• Use a combination of restarting R with or with the Palette (, then type “restart”) (or Session -> Restart R) and using source() ( or with the Palette (, then type “source”) while in R/functions.R) to run the functions inside of R/functions.R.
    • We restart R because it is the only certain way to ensure that the R workspace is completely clear. For reproducibility, we should always aim to work from a “clean plate”.
  • Keeping code readable by frequently (automatically) fixing the formatting/styling of our code.
  • For each “output” in a paper (like a figure or table), write one or more functions to complete the output and include those functions as “targets” or steps in a pipeline. Use this explicit pipeline to track which steps need to be re-run and in which order for your data analysis.
  • Write accompanying text (or full paper) for the analysis in Markdown so we can easily and quickly build websites (or Word docs) of our work, for rapid dissemination.
  • Automatically reformat Markdown text into a standard, more readable format.
  • Whenever we complete a task, we add and commit those file changes and save them into the Git history with or with the Palette (, then type “commit”).
    • We use Git because it is the best way of keeping track of what was done to your files, when, and why. It keeps your work transparent and makes it easier to share your code by uploading to GitHub. Using version control should be a standard practice to doing better science since it fits with the philosophy of doing science.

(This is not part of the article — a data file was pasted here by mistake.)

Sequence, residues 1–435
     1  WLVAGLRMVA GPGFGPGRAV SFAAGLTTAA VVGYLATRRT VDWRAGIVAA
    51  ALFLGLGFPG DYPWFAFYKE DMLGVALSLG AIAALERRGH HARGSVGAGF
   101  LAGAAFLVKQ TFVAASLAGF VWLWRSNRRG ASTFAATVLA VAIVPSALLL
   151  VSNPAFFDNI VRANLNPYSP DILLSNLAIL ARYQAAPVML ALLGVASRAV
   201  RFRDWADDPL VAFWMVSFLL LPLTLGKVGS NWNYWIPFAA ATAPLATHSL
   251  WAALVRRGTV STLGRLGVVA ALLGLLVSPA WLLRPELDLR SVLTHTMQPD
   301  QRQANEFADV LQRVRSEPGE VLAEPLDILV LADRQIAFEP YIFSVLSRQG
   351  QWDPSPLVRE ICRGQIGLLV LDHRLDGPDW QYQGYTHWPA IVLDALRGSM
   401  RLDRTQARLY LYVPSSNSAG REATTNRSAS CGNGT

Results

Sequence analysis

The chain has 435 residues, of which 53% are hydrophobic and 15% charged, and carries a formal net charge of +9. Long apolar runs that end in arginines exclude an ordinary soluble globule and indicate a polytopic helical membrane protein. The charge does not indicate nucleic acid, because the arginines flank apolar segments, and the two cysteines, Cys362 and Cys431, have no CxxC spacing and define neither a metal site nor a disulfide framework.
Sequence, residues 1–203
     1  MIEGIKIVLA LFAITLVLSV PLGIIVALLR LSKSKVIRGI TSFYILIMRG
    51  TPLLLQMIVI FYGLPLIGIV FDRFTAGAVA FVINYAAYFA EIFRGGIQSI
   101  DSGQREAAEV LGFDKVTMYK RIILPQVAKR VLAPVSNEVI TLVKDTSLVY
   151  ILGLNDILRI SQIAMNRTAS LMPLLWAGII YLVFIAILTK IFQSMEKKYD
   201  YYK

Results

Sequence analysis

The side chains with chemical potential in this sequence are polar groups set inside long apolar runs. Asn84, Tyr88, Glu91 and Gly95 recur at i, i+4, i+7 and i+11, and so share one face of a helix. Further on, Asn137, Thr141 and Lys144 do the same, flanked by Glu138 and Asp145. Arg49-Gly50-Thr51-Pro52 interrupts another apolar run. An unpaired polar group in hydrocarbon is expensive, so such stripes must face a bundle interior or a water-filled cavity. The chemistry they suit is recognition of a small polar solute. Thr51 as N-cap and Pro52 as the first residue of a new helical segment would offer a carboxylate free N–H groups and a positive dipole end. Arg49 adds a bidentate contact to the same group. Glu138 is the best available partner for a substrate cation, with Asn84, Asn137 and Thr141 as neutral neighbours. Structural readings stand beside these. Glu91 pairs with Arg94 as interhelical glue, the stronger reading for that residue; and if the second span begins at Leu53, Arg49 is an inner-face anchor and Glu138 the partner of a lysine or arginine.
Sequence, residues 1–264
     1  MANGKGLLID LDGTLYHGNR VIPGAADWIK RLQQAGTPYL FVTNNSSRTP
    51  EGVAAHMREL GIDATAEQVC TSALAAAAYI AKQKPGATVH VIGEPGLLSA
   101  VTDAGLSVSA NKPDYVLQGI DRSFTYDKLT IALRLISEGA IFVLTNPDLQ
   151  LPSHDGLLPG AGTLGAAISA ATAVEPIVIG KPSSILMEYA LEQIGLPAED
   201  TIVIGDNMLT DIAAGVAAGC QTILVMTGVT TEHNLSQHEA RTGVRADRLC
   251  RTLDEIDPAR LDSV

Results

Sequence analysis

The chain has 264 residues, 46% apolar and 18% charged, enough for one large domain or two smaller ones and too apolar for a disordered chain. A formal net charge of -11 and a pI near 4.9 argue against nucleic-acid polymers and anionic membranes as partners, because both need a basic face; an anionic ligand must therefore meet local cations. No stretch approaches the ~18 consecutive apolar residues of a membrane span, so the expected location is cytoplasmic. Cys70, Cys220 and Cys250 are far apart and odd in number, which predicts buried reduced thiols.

Many of these “project setup” tasks can take a while to set up, can often be very difficult and confusing. This is before you’ve even gotten to the analysis phase of your work. A good analogy for this first step is when skyscrapers are built. Watching construction on these projects makes it feel like it takes forever for them to finally start going up and adding floors. But once they start adding floors, it goes up so fast! That’s because a lot of the main work is in building up the foundation of the building, so that it is strong and stable. This is the same with analysis projects, the first phase feels like nothing is “moving” but you are building the foundation to everything that comes after.


If you finish exercises faster than others in the course, try your hand at working through the Extra Exercises section. It is still a work-in-progress, so it is a bit small right now.

4.2 Small fixes

Before we start, let’s fix up a few things:

  1. Delete the doc/report.Rmd file, since we will be working with the Quarto doc/learning.qmd file instead.
  2. Run usethis::use_git_ignore(".Rbuildignore") to stop tracking the .Rbuildignore file. This file is related to building packages, which we aren’t doing, and is sometimes created when using the functions in {usethis}.
  3. Open up the DESCRIPTION file and add a line with Title: "Learning advanced R!" as well as Version: 0.0.1. Both of these fields are often needed by {usethis}. The {prodigenr} package should add them automatically, but doesn’t (I need to fix it).